It is common to become frustrated and disheartened if you’ve been looking for a job for a long time. However, it is essential to remain positive and keep yourself energized. A positive point of view will help keep you motivated if the search turns out longer than you expected. Additionally, your positive attitude might spill over during interviews which can only help!
Guidelines for Staying Optimistic During a Job Search
Here are a few things to keep in mind during your job search. Keep your chin up!
Take your time getting prepared for the actual job search. You don’t want to blindly start applying to jobs before you get all your items in order. Whether it’s your LinkedIn profile, resume, or cover letter template that needs updating, start adding in the most recent and relevant information. You should also reach out to a few former colleagues or managers to see if they’d be open to being your reference if you need them down the road. If you need a new outfit for an interview, time to go shopping or dig out that old shirt!
Spend sufficient time getting prepared before you start if you haven’t started job searching yet. If you’re in the middle of a job hunt but have not found much, set aside time to make sure your CV is up to date and attractive to potential companies.
Set a Schedule for Job Hunting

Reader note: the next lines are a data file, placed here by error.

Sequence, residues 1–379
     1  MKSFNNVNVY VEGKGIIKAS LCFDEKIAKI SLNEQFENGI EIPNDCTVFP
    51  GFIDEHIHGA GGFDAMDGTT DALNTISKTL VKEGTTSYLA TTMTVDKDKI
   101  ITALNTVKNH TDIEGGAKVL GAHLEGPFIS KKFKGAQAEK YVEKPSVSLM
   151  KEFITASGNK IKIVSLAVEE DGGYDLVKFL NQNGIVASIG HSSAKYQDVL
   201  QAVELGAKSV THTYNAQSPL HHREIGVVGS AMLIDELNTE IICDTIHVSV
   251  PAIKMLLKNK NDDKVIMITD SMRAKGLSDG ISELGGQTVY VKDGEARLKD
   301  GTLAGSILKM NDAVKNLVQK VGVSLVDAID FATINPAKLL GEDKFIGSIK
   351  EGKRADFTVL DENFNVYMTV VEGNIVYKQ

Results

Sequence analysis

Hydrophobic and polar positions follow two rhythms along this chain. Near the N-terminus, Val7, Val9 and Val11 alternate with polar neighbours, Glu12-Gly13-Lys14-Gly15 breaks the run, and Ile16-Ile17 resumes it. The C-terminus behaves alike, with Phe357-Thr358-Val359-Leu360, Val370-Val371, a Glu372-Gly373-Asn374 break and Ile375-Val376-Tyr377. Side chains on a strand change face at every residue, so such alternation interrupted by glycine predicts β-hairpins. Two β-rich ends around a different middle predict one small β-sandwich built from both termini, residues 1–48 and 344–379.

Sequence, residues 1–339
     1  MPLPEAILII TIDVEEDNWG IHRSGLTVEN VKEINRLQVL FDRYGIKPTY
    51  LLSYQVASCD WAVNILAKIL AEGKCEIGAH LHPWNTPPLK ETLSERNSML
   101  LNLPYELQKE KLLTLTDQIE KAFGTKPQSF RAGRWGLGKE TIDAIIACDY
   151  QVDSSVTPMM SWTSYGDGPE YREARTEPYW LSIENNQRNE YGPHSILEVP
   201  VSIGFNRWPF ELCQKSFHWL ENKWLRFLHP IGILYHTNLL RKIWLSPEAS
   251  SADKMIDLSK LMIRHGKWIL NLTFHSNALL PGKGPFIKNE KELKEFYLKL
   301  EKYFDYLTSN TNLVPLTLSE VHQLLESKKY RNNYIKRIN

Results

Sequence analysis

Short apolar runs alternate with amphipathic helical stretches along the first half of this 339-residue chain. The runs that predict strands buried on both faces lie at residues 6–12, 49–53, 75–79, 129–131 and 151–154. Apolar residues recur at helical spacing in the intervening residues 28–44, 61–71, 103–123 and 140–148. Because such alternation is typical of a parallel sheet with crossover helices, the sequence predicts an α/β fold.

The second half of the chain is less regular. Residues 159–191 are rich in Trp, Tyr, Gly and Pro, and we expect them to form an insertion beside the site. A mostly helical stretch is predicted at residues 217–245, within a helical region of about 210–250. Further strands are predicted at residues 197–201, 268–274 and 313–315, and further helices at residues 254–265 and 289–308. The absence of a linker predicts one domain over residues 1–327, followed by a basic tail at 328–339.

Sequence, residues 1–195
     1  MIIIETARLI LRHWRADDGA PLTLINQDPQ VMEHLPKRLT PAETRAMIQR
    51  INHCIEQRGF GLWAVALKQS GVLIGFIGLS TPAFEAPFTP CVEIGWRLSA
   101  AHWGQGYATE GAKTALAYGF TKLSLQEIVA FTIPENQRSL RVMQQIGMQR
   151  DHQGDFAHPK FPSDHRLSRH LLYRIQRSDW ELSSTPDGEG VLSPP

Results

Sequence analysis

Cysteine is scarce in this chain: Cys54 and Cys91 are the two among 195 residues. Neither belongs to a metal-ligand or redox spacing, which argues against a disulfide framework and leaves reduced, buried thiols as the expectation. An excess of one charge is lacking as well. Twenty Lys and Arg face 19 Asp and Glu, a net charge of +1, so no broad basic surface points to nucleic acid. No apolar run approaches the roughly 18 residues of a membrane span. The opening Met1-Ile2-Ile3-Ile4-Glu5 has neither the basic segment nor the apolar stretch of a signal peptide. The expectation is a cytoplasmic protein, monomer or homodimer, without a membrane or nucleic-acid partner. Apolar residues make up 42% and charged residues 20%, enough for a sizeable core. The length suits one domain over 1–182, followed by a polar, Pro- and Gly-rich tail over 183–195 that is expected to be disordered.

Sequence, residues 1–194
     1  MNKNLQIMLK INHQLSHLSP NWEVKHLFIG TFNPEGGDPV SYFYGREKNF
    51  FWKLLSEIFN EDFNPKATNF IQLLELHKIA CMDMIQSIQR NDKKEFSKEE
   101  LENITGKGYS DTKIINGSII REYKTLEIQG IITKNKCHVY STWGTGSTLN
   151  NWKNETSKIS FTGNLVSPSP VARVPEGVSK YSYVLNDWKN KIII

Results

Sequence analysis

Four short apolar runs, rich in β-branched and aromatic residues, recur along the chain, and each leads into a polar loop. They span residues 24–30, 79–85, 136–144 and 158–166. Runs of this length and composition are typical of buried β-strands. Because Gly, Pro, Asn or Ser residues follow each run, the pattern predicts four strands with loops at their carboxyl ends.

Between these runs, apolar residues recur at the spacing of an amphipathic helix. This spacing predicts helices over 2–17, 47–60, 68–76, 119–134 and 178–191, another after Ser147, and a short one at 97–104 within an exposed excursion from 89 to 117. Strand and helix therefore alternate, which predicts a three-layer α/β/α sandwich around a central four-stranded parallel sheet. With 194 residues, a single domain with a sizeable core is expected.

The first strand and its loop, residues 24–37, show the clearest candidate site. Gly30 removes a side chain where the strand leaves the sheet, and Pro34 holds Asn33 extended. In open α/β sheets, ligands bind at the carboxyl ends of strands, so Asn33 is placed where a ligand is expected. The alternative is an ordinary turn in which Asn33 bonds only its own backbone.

If possible, treat your job search like an actual job and look for new postings in a systematic way. If you don’t have enough filters, it’ll feel like digging through a mountain of dirt for the right job. Make sure you are only looking at relevant job listings that were posted within a set time frame so you’re not looking at the same jobs over and over again. It’s easy to fall into the trap of incessant searching, especially if you are unemployed. However, it’s probably more helpful if you spend time outside of job-searching on your mental and physical health. Keep up your exercise routine and talk to your loved ones while you’re on the hunt. It’s important to have a support group and clear balance while job hunting.
Making a routine and keeping your job search structured will help prevent burnout. Also, setting a start and end time to your job search forces you to discontinue thinking about your job search in the evenings and spend time centering on other essential features of your life, like your friends and family.
These tips will bring relief to make the best use of the time you have to devote to your job search.
Step Away from the Job Search When Needed
It’s not good to have your job search always in the back of your mind. Unnecessary anxiety about your job search only raises your stress and keeps you away from being present in other aspects of your life. Set aside time each day to review your job search and do something you love, like going for a walk or a movie.
Focus on the Positives
Employers often ask what aspects of your professional life you could improve on. That’s great and all but we think it’s helpful to focus more on the positives. What do you bring to the table? When job hunting, it’s helpful to make a list of your abilities, projects, and potential. This will help when writing cover letters or preparing for interviews as it keeps you in a positive mental space. We would go as far as suggesting you write these positive assets somewhere highly visible to you so you can remind yourself of your strengths.
Set Sensible, Realistic Goals